The inside of the main compartment is highly compartmentalized. Half of it is a wide open space where we put our travel-sized bottles. The other half gets a little more granular organization, with a zippered pocket, two mesh pockets, a liner pockets. Plus, there is also a slip pocket alongside the middle divider and two sort-of pen pockets at the sides.
When you look at the main compartment in its entirety, you quickly get an idea of where each of your toiletries goes. Whether it’s a lipstick or a tub of cream, chances are there’s a pocket where it can fit perfectly in the main compartment. If anything, the Transporter Toiletry Kit has too many pockets.
In the half where we keep our bottles are two sideways-facing slip pockets. We’re sure there are users out there who have a use for these, though we don’t since our travel bottles obscure them. Still, it’s not a real problem per se since they don’t harm functionality. In other words, it’s an abundance of pockets, more than we can use, but we’d rather be in abundance than a shortage.
Space isn’t an issue with the Transporter Toiletry Kit either, especially since this is the large version. Full-size bottles can fit, albeit horizontally. You’ll need to start stacking bulky items like these in order to make them fit. The problem is that it’s fairly easy to get overeager and start dumping bulky items inside, and that can lead to accessibility issues as stuff starts to get buried.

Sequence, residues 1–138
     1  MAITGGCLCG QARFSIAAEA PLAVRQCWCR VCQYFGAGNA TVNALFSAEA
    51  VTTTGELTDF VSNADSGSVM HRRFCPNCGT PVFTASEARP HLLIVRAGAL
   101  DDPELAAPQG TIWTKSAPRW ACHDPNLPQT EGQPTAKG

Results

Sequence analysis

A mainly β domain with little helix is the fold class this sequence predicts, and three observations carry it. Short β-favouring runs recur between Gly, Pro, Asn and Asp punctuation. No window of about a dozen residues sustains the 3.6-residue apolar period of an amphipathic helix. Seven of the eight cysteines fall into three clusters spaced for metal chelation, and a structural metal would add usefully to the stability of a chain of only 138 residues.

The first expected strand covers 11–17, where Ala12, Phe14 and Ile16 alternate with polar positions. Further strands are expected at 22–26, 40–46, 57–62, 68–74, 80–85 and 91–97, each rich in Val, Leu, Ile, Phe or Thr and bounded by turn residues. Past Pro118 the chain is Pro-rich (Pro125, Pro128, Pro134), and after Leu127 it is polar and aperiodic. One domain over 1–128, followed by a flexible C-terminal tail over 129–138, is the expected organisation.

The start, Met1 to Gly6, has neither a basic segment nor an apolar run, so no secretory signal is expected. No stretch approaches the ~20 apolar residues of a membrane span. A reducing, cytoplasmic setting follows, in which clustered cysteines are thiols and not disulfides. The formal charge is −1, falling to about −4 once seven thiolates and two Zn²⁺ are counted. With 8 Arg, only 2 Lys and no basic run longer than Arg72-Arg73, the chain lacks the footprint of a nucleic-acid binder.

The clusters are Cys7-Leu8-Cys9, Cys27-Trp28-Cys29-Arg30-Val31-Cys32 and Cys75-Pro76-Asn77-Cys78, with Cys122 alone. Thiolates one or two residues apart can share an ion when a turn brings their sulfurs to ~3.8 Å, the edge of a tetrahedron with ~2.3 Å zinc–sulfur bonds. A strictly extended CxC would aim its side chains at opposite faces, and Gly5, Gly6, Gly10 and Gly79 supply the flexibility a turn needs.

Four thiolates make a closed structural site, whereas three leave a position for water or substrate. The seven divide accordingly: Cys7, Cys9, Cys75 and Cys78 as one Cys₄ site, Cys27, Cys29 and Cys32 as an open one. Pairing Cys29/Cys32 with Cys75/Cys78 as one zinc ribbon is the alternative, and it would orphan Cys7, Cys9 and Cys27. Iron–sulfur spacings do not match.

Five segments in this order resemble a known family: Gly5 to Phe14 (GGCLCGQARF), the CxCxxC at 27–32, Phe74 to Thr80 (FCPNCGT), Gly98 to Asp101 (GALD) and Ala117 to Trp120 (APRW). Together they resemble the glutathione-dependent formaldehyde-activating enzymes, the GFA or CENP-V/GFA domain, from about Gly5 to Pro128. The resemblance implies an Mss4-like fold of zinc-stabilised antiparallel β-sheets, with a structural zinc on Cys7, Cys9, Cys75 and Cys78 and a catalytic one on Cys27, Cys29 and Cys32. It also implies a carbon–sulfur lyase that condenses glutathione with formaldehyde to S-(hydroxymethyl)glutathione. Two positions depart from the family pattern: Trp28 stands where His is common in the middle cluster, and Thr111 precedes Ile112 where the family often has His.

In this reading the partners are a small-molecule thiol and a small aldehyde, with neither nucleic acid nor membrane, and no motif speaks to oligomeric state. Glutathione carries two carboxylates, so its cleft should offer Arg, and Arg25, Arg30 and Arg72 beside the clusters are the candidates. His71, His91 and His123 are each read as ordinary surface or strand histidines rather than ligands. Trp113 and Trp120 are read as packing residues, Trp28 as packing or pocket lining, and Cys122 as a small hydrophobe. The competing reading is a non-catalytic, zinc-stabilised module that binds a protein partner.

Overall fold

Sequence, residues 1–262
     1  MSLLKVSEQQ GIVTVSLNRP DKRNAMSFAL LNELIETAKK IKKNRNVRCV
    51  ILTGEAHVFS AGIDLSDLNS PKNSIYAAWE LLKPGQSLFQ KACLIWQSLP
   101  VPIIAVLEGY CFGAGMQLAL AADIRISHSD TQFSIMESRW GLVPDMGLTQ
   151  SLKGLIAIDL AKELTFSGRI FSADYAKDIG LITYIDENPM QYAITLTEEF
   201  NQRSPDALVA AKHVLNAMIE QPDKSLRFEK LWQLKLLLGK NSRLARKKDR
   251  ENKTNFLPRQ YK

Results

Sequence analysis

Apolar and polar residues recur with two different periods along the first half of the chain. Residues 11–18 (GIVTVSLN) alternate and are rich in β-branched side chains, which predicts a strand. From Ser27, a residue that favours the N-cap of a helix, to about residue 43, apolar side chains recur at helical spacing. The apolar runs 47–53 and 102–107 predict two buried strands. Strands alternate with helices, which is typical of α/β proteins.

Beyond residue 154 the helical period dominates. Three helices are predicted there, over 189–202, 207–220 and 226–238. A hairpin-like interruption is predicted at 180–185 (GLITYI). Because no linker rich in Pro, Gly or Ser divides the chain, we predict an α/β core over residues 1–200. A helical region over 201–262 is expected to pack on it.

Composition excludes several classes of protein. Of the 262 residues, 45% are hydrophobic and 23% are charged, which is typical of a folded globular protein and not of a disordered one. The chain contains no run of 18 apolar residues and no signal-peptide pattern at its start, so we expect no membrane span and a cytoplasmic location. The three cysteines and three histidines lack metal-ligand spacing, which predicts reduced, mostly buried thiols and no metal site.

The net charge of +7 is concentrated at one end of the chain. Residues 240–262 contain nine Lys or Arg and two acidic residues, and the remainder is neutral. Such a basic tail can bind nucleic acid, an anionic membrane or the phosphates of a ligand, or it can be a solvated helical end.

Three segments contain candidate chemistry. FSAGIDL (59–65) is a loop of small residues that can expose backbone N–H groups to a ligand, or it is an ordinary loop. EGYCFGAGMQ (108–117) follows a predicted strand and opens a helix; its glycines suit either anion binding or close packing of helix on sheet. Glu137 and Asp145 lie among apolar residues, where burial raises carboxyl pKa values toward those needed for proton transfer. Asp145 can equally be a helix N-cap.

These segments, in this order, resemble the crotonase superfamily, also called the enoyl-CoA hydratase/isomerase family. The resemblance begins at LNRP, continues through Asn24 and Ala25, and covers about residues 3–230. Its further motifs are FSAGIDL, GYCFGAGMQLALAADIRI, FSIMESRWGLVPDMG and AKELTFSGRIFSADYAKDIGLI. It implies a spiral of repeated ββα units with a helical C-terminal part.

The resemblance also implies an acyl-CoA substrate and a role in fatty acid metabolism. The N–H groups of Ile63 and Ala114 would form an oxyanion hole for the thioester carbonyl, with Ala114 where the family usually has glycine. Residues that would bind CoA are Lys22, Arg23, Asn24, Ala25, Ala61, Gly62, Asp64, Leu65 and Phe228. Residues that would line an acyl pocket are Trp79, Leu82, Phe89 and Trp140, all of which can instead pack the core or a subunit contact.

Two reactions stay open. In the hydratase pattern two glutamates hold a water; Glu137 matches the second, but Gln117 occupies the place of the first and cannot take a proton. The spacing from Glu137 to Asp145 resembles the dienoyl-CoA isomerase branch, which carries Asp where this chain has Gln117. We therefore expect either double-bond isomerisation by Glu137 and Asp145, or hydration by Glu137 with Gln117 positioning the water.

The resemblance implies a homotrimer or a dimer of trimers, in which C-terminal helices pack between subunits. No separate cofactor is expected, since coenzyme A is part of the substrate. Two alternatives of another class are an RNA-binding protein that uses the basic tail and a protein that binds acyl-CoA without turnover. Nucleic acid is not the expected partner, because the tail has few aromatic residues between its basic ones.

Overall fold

All in all, the Transporter Toiletry Kit has both the space and organization for a large selection of toiletries. That’s good if you can utilize all of it. The catch is that it’s also a fairly large toiletry bag that takes up a lot of space. However, we think it provides some helpful organization in larger travel daypacks, like the Osprey Farpoint 40. Packing it with as much toiletry as possible leads to trickier access if you don’t load it strategically, but if you can keep those in check, the Transporter Toiletry Kit is a comfortable pick for those with a ton to pack.
- Tons of organization—some we’re not even sure what to do with
- Slick TPU material feels easy to clean
- Interested to see if the hanging feature works well when the kit is full
- Material is in great shape, is easy to keep clean, and beads off water like a pro
- Hanging feature makes the kit hang almost like a shelf, which is great for easy access
- Stands up on its own well
- Can be difficult to load it up fully without layering gear, which makes it hard to sift through toiletries